Family members of victims gather outside the Forensic Medical Centre in Istanbul. Emrah Gurel
triple bombing

Istanbul airport terror attack death toll rises to 41, with 239 injured

Thirteen foreign nationals are among the dead.

THE DEATH TOLL in a triple suicide bombing at Istanbul’s international airport has risen to 41, with 13 foreign nationals among the dead.

A total of 239 people have been wounded in the attack, which Turkish officials believe was carried out by so-called Islamic State (IS) terrorists.

A Turkish official, speaking on condition of anonymity, said five of the dead were from Saudi Arabia, two were from Iraq, with one from Tunisia, Uzbekistan, China, Iran, Ukraine and Jordan,

The governor’s office said 109 of the 239 wounded have since been discharged from hospital.

The airport has reopened and flights have resumed this morning, as the country comes to terms with the attack.

The attackers began spraying bullets at the international terminal entrance before blowing themselves up at around 10pm (7pm Irish time) on Tuesday.

It is the deadliest of four attacks to rock Turkey’s biggest city this year, with two others blamed on IS and another claimed by a militant Kurdish group.

Turkey Airport Blasts AP / Press Association Images AP / Press Association Images / Press Association Images

Irish reaction

Foreign Affairs Minister Charlie Flanagan condemned the bombings as a “barbaric attack on innocent airline passengers”.

Ataturk Airport is a major international crossroads and this was an attack on the both the people of Turkey and on the whole international community. 
It shows the lengths to which extremists are prepared to go to inflict harm and reinforces the need for international cooperation to track down terrorists and to stop these kinds of attacks. 

Flanagan confirmed there were no reports of any Irish citizens being caught up in the attack.

However he said anyone with concerns for Irish people should ring (01) 408 2000 or the Ankara Embassy on 0090 312 4591000.

A moment’s silence was held in the Dáil this afternoon as a mark of respect to those who lost their lives in the attack.
Several TDs condemned the attack. Tánaiste Frances Fitzgerald said it was a “vicious and indiscriminate attack”, while Fianna Fáil leader Michel Martin said it was “brutal and savage”.

The Department of Foreign Affairs is advising travellers to exercise a “high degree of caution”.

Islamic State suspected

Though there was no immediate claim of responsibility for Tuesday’s carnage, Prime Minister Binali Yildirim told journalists at the scene “the evidence points to Daesh (another name for IS)”.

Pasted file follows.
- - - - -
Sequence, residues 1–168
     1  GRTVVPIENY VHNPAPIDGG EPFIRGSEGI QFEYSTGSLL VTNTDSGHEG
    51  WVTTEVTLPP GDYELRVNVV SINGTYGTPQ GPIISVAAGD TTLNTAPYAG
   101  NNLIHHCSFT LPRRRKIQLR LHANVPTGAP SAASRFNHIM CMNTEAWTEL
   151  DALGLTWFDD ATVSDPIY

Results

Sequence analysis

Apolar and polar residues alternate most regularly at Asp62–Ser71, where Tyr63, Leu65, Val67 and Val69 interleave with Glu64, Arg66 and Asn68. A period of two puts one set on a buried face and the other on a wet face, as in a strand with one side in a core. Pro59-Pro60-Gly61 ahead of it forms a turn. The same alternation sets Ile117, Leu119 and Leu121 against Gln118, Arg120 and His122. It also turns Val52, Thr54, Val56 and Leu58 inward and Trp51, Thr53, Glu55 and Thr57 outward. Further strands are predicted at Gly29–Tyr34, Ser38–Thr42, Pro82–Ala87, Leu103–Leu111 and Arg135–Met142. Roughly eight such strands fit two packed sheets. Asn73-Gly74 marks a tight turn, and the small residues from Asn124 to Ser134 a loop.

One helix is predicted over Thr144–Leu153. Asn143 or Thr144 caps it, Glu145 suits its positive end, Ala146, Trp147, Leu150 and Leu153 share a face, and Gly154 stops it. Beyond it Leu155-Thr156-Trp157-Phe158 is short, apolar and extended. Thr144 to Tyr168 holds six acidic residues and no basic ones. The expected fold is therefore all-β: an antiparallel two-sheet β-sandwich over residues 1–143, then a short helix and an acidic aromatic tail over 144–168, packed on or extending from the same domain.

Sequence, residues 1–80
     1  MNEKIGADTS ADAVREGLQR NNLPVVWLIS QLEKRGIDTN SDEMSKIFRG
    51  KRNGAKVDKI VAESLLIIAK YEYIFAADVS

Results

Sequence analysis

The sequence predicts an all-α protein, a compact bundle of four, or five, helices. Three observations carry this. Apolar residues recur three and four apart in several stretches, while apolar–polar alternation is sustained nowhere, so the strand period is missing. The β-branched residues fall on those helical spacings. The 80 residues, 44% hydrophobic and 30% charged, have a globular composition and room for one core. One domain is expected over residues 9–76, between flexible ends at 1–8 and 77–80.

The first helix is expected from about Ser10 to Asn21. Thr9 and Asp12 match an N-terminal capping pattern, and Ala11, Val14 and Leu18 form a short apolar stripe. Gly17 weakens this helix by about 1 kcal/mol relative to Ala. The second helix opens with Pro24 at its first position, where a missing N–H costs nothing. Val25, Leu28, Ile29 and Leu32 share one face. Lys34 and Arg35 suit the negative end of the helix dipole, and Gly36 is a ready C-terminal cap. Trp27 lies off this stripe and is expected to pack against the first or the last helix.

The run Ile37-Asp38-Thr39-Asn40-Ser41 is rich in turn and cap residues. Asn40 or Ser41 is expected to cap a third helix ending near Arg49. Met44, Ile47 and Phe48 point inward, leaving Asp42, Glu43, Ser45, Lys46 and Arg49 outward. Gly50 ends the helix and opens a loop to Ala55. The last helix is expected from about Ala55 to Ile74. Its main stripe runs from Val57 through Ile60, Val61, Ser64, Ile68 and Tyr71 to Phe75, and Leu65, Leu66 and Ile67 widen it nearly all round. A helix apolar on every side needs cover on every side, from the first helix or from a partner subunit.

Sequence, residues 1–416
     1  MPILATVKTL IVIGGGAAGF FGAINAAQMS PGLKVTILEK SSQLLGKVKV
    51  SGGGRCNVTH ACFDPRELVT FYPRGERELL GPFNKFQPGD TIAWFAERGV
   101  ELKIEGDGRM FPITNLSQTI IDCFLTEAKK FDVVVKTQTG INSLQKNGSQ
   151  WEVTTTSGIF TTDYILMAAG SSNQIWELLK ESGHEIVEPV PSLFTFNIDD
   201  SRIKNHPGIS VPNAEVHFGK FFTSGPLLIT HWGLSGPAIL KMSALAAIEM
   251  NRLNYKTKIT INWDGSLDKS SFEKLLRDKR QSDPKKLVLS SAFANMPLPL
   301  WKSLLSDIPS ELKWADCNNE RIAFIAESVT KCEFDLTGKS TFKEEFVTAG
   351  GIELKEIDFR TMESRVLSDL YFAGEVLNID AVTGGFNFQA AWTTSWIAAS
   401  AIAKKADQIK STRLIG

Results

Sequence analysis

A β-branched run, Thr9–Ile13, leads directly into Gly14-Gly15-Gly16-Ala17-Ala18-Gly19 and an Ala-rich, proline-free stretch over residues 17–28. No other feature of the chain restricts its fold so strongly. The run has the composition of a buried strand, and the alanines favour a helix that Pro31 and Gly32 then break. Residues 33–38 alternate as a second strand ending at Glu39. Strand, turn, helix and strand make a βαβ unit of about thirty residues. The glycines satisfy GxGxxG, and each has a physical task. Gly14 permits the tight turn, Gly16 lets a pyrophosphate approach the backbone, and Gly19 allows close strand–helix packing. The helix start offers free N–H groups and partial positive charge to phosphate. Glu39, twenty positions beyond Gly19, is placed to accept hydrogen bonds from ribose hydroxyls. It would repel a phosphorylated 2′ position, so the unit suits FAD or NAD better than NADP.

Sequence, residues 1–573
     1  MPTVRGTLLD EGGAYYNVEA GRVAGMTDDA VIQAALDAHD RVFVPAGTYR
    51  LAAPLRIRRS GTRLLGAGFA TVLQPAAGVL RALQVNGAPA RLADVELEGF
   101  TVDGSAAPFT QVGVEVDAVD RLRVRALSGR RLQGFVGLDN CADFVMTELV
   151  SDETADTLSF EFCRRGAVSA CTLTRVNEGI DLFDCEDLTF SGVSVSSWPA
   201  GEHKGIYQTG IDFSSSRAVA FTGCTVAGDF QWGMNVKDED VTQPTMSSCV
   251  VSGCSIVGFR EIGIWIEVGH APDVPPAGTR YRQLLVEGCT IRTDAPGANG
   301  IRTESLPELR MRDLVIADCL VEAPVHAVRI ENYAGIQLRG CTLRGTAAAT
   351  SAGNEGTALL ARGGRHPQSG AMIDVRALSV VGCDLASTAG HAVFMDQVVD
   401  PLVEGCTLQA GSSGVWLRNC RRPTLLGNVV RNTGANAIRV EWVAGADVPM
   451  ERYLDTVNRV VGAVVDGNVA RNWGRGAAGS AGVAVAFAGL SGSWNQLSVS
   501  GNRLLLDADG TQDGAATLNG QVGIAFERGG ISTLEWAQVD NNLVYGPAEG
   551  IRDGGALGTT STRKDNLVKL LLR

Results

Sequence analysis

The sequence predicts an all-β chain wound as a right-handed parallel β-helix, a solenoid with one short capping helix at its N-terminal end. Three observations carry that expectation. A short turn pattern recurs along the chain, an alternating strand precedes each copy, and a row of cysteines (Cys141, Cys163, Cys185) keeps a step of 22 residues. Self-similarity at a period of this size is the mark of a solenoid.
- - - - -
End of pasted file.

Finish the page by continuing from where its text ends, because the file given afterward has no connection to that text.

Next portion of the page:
Yildirim said the suicide bombers had arrived in a taxi and opened fire on passengers with automatic rifles before blowing themselves up.

Security camera footage widely circulated on social media appeared to capture two of the blasts. In one clip a huge ball of flame erupts at an entrance to the terminal building, scattering terrified passengers.

Another video showed a black-clad attacker running inside the building before collapsing to the ground – apparently felled by a police bullet –and blowing himself up.

Tuesday’s attack follows coordinated IS suicide bombings at Brussels airport and a city metro station in March that left 32 people dead.

Turkey Airport Blasts Emrah Gurel Emrah Gurel

“I can’t find my sister”

An AFP photographer saw bodies covered with sheets at the terminal, which bore heavy damage from the blasts.

Bullet holes peppered the windows and shattered glass lay on the floor, while abandoned luggage was scattered everywhere.

Hundreds of police and firefighters including forensic officers were at the scene.

“Somebody came and shot at us and then my sister ran,” Otfah Mohamed Abdullah told AFP.

I don’t know which way she ran and after that I fell down. I was on the ground till he (the gunman) stopped… I can’t find my sister.

“I was waiting for my flight to Tokyo and suddenly people started running and I followed them. I heard gun shots and everyone was panicking,” Japanese tourist Yumi Koyi told AFP.

Turkey Airport Blasts AP / Press Association Images AP / Press Association Images / Press Association Images

There was chaos at the nearest hospital in Istanbul’s Bakirkoy district, which was inundated with relatives desperate for news of loved ones.

Yildirim visited the hospital to offer his condolences to the victims.

Brussels airport, the scene of suicide bombings just months ago, tweeted condolences, saying: “Our thoughts are with the victims of the attacks at@istanbulairport.”

Turkey Airport Blasts Emrah Gurel Emrah Gurel

“Joint fight” call

Turkish President Recep Tayyip Erdogan called for an international “joint fight” against terror, as Western allies including the United States condemned the “heinous” attack.

“We urge the world, especially Western countries, to take a firm stand against terrorism,” Erdogan said in a statement.

“Despite paying a heavy price, Turkey has the power, determination and capacity to continue the fight against terrorism until the end.”

Istanbul, a major tourism hub that is home to some 15 million people, has suffered a series of attacks in recent months, including a bombing in the heart of the tourist district that killed a dozen German visitors and was blamed on IS.

Additional reporting: Isabel Hayes

© – AFP, 2016

Read: 28 dead and 60 others injured in Istanbul airport blast – official says >

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